Tag Archives: allergen

Contact Allergen of the Year: Acrylates

Courtesy of Hehkuviini, via Creative Commons Attribution-Share Alike 3.0

I’ll spare you the suspense.  This year’s contact allergen of the year is the acrylates.  Yes, you probably do use acrylates.  Have artifical nails? Had dental work? A joint replacement? Plexiglas? That’s why the acrylates were chosen this year.

“We chose them because acrylates are everywhere in the environment,” said Dr. Donald V. Belsito, who announced this year’s winner at the annual meeting of the American Contact Dermatitis Society.  Acrylates are plastic materials that are formed by the polymerization of monomers derived from acrylic or methacrylic acid. While monomers are very strong irritants and allergens, fully polymerized acrylates are relatively inert.

However, “patch testing is tricky, and I think that’s something that we’re just finding out about the acrylates,” said Dr. Belsito, a professor of clinical dermatology at Columbia University in New York. “They’re very volatile. The stability of the [patch test] allergens is a major issue, and they should be frozen or refrigerated.”

Kerri Wachter (on twitter @knwachter)

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Filed under Allergy and Immunology, Dermatology, IMNG, Uncategorized

Allergen of the Year for 2010 Announced

from the American Contact Dermatitis Society annual meeting, Miami Beach

Drum roll please … the American Contact Dermatitis Society has named the antibiotic neomycin as Allergen of the Year for 2010.

Courtesy flickr user project 365 under common license

“It’s a very common allergen and raises a number of issues when someone patch tests positive to it. We thought it is something the general public and dermatologists should be aware of,” said Dr. Donald Belsito, a dermatologist in private practice in Shawnee, Kans., when making the announcement.

A positive patch test can take 7 days or more to develop, so have patients return or counsel them on what to look for, Dr. Belsito said.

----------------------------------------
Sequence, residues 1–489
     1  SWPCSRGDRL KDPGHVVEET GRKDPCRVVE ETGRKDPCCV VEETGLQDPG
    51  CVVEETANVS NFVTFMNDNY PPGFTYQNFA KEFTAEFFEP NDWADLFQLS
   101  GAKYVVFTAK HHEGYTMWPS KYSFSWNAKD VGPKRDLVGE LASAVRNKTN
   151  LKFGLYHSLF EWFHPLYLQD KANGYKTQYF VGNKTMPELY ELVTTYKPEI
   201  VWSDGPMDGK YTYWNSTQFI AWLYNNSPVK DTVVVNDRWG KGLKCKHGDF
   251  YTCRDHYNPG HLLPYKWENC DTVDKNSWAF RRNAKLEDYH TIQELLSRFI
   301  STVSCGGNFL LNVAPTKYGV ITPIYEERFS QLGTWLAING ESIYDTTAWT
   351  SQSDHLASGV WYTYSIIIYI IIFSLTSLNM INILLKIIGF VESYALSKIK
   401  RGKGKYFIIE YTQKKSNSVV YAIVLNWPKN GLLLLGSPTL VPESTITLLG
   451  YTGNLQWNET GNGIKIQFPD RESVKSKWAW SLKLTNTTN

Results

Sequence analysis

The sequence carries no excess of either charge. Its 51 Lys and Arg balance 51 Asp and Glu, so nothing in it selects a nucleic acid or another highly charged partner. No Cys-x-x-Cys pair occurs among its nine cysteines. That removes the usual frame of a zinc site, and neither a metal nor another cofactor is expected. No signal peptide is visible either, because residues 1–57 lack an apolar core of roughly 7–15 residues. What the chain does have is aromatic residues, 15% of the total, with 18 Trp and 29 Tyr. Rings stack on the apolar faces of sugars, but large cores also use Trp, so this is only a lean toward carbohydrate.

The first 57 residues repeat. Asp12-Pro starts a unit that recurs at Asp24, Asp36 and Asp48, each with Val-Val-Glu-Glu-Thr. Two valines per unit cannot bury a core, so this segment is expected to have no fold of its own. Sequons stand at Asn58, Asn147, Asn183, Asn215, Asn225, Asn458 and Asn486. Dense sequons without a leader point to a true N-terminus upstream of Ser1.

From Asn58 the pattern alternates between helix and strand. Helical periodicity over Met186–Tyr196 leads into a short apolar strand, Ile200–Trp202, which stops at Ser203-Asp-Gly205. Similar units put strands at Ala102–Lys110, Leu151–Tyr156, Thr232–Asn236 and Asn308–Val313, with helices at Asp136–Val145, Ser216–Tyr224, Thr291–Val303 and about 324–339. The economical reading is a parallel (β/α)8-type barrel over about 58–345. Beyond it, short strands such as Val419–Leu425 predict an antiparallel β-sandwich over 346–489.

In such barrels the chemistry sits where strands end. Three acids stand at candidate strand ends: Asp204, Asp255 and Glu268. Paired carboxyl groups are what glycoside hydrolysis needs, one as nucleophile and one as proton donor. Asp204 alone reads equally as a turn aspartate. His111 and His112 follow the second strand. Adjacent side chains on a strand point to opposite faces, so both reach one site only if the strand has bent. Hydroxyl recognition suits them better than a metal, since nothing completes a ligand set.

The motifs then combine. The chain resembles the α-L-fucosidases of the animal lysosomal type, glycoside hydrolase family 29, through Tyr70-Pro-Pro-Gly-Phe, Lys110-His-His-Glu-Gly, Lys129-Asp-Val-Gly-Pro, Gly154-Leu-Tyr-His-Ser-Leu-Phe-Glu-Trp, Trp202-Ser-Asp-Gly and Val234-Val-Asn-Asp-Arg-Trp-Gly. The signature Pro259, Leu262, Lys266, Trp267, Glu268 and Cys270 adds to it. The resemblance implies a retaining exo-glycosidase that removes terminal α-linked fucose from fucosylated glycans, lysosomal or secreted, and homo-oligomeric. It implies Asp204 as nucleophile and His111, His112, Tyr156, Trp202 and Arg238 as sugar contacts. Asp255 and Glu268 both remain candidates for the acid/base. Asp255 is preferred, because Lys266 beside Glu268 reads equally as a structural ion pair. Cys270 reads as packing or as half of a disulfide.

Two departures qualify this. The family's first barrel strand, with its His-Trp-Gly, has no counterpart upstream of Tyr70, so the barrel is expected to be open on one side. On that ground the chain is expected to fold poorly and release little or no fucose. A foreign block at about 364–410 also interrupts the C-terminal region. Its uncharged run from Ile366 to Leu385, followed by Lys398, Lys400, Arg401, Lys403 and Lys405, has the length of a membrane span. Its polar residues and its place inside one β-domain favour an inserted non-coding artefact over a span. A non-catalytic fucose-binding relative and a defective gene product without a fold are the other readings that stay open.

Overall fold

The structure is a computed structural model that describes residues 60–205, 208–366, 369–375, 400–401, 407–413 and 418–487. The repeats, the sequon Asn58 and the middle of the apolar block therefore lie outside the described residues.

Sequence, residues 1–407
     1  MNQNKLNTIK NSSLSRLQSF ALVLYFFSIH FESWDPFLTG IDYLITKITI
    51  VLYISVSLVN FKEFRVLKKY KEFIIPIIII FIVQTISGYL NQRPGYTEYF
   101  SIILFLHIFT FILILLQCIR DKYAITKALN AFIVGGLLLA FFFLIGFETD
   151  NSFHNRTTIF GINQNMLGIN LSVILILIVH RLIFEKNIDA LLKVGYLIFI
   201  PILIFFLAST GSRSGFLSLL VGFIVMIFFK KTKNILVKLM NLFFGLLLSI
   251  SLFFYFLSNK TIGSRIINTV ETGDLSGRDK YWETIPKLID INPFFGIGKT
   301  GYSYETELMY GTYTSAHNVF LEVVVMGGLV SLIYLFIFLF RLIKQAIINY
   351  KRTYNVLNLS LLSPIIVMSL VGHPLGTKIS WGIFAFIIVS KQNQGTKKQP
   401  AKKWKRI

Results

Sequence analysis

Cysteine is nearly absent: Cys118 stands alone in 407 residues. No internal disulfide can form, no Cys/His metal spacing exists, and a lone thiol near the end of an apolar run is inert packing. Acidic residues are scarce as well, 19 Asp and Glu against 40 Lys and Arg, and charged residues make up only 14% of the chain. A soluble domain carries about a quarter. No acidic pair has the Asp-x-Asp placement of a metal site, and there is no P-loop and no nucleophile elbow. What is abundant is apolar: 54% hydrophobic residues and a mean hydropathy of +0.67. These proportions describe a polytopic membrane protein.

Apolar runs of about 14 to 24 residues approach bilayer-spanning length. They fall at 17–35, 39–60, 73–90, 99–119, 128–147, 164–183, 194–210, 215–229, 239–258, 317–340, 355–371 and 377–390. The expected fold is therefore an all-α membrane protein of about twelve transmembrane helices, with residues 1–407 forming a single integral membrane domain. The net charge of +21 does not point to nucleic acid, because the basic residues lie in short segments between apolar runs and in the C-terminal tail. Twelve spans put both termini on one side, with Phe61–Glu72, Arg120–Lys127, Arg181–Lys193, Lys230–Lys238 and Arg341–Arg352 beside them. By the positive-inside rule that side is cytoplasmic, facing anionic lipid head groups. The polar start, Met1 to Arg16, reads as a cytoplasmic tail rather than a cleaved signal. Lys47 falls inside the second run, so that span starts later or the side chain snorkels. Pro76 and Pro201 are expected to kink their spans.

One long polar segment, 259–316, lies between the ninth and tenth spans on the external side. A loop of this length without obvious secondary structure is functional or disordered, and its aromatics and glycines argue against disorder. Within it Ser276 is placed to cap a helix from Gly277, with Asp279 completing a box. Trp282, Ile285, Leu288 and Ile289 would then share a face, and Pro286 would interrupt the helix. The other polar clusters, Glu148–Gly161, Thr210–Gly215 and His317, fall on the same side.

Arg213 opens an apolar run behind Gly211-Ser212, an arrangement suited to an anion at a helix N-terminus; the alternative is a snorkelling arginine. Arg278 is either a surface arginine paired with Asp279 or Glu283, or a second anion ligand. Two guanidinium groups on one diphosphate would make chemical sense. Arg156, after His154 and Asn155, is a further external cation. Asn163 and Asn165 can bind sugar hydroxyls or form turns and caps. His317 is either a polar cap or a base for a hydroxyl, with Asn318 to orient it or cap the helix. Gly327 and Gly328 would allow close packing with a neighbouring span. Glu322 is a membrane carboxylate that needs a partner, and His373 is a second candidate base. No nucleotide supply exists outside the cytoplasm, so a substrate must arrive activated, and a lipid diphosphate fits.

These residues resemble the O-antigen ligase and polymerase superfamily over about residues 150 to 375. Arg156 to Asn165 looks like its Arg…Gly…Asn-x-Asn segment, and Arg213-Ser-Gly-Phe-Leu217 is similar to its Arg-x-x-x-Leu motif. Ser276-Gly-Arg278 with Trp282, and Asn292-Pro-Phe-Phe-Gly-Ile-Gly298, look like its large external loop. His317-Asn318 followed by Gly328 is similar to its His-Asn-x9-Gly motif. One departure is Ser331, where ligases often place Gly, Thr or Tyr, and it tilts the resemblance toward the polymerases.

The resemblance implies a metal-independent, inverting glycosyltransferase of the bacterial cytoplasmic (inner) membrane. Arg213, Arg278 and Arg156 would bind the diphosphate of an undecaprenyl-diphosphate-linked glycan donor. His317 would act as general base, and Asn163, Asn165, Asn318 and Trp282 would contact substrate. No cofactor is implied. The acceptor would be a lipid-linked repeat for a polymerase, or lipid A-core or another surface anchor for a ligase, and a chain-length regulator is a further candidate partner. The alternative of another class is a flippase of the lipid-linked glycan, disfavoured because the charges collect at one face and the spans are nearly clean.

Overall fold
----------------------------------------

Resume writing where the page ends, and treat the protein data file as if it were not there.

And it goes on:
He noted that there are a couple things to keep in mind when making the diagnosis of neomycin allergy.

First, many vaccines contain neomycin as a preservative. The risk to benefit considerations need to include the likely worst-case scenario–an eczematous rash–if a sensitive patient receives a vaccine containing neomycin. Contrast that with the likely worst-case scenario–contraction of a potentially lethal disease–if the sensitive patient avoids vaccination. Discuss. And don’t forget to bring the patient’s primary care doctor into the conversation, Dr. Belsito counseled.

Second, neomycin-sensitive patients can have cross reactivities to other aminoglycocides. Think kanamycin, tobramycin and others, said Dr. Belsito, who had no relevant financial disclosures.

Neomycin is more of a household name than last year’s Allergen of the Year, mixed dialkyl thioureas. My colleague Bruce Jancin described last year’s winner and patients’ reactions to it in a blog post one year ago.

—Damian McNamara (@MedReporter on Twitter)
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Filed under Allergy and Immunology, Dermatology, Drug And Device Safety, Family Medicine, IMNG, Infectious Diseases, Primary care, The Mole

And the Allergen of the Year Is … What?

From the annual meeting of the American Academy of Dermatology

The American Contact Dermatitis Society has selected as its Allergen of the Year for 2009 — drumroll, please — mixed dialkyl thioureas!


By flickr user SigmaEye, used under creative commons license

By flickr user SigmaEye, used under creative commons license

The Allergen of the Year Award has been used in the past by the society as an opportunity to increase physician and public awareness of the most common offending allergens, including nickel (2008), fragrance (2007), corticosteroids (2005), or allergens trending upward in importance, such as cocamidopropylbetaine, a surfactant contained in a dizzying array of personal care products.

But mixed dialkyl thioureas isn’t a top-10 allergen. In fact, it’s the 50th most common allergen to be positive on patch testing, a spot it has solidly held down for the last 15 years. It accounted for about 1% of all positive patch tests in a large study by the North American Contact Dermatitis Group.

“I can imagine what you’re all thinking,” Dr. David E. Cohen quipped in breaking the news regarding the newly crowned 2009 Allergen of the Year to a crowd of perhaps 600 dermatologists. “One of you may be saying, ‘Finally!’ The rest of you are probably thinking what I’m thinking: Has the committee been drug tested?”

Actually, the selection committee probably chose mixed dialkyl thioureas because this set of two chemicals is commonly encountered in a wide range of daily activities. Mixed dialkyl thioureas are employed in the vulcanization of rubber, especially neoprene. They’re found in gloves, hip waders, athletic shoes, adhesives, pesticides, computer keyboard wrist rests, swim goggles, orthopedic prostheses, sleep apnea masks, coated copy paper, elastic in clothing, and a bunch of other stuff.

Testing with the better-known rubber allergens, including carbamates, thiurams, and mercaptobenzothiazole, often fails to detect mixed dialkyl thiourea-induced allergic contact dermatitis.

“If you suspect allergy to rubber, patch test appropriately, and come up with a negative result, consider mixed dialkyl thioureas,” urged Dr. Cohen, vice-chair of the department of dermatology at New York University.

—Bruce Jancin

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Filed under Allergy and Immunology, Dermatology, Uncategorized